Winning letter: A lot like love

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Winning letter: A lot like love

Published: Thu 16 Feb 2017, 11:00 PM

Last updated: Fri 17 Feb 2017, 1:00 AM

For the past three-and-a-half decades, I have been asking my husband what gift he would like to give me on February 14. His standard response is love is not meant to be celebrated only on one day, but cherished every single moment. I feel he is too philosophical, but also right.
Love means different things to different people. Like the protagonists in the feature (Love, actually, Feb 10), some think love is all about candies, flowers and gifts, some are cynical about it, while others view it more realistically. Whatever the case be, what matters when you are in a relationship is that there is never a trust deficit. Valentine's Day is as much about selflessness, sacrifice, commitment, trust and respect as it is about the superficial notions of romance. What is important is that a couple should be able to withstand all difficulties and survive the hardships together. You may not be absolutely compatible, but you have to strive to be together.
Celebrating Valentine's Day can be an icing on the cake for a couple if they truly, madly, deeply love and respect each other. So, go ahead and make this day count, but also do not forget that the values V-Day stands for go beyond the usual pomp and show.
Jayashree Kulkarni, Abu Dhabi

» For the love of food
It goes without saying that love is the key ingredient when it comes to food (Food and Love: A V-Day Primer, Feb 10). Remove affection from the equation and the whole experience seems lacklustre. When this happens, having a meal becomes a chore. Sharing food with others is like showering love on them, it is the emotion that makes the quintessential difference.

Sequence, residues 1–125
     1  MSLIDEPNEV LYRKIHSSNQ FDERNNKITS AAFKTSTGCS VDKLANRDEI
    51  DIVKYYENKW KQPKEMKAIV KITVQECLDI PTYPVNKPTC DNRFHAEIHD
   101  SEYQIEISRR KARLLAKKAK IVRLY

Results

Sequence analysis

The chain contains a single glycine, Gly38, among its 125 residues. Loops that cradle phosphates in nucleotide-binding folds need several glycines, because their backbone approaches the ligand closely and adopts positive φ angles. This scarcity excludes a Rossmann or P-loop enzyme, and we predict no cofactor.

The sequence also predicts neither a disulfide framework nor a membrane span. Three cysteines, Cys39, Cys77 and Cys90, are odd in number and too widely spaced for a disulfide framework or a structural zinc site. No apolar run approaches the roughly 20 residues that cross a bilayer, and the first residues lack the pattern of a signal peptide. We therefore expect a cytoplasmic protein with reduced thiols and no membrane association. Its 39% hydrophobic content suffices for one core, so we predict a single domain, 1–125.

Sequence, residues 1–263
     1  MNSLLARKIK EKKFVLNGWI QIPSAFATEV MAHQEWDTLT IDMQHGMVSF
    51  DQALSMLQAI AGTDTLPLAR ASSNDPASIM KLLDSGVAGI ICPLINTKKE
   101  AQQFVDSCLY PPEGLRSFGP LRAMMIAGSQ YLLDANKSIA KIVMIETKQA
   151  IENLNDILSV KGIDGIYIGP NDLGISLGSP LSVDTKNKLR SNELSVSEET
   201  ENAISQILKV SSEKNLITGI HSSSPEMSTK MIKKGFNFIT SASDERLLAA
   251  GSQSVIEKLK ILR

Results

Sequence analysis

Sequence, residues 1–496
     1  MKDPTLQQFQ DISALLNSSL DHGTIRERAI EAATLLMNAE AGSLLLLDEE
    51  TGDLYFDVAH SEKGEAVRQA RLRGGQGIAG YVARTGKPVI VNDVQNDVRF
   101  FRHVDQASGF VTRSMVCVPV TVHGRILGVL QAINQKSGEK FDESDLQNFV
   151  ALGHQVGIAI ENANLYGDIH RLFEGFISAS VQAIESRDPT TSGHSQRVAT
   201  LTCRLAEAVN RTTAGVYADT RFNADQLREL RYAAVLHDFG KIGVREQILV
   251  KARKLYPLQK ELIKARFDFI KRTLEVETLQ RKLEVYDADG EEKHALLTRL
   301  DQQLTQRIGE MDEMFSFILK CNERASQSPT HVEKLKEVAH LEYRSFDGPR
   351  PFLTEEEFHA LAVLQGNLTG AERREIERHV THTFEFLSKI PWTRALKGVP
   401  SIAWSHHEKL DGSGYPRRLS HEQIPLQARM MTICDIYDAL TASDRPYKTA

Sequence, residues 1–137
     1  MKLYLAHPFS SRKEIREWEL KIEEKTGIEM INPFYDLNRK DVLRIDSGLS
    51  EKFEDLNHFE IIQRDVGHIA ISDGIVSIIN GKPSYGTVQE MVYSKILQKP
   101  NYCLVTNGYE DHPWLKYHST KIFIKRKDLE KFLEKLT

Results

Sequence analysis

Eating together is a part of intimacy between two people. It's authentic and primal. You cannot form genuine bonds with others unless you have shared your meals with them. Communal eating has been an integral part of our culture - the mother shares her milk with the baby, husband and wife share a meal at the end of a long day. Today, however, we hardly sit down together to eat. We live a single-sized-serving-microwaveable-entrée existence in a culture of brown bag lunches. That's sad.
Shabbir Saifuddin, by email

» Kitchen secrets
What started out as one man's fascination has now become the UAE's passion (Kitchen Confidential, Feb 10). Gaurav Tandon set up the UAE's first food reality show, and today, it is on the verge of entering a sixth season. It's celebration time, and the creators of the show must be so proud of this moment. Having said that, the show must have greater focus on local cuisines, and also inculcate Arab culture and values that so evidently manifest themselves in the region's food. That way, it will become more UAE-centric. All the best, Foodshala! Keep cooking up a good menu.
Narayan Iyer, by email

» Leave Trump alone
Accepting things the way they are and coming to terms with the situation one cannot change is wisdom (Matthew McConaughey, Drumpf and the Hater app, Feb 10). Donald  Trump is the US  President now and will continue to be one for the next four years. A pragmatic approach would be to pray that he serves well and proves his mettle.  There is a need to see the bigger picture. Why is it that common hatred or hostility towards someone brings people together? As correctly stated, love for Obama  or Clinton didn't bring people any closer, though that should have  been a natural outcome.
Indu Sundaram, by email

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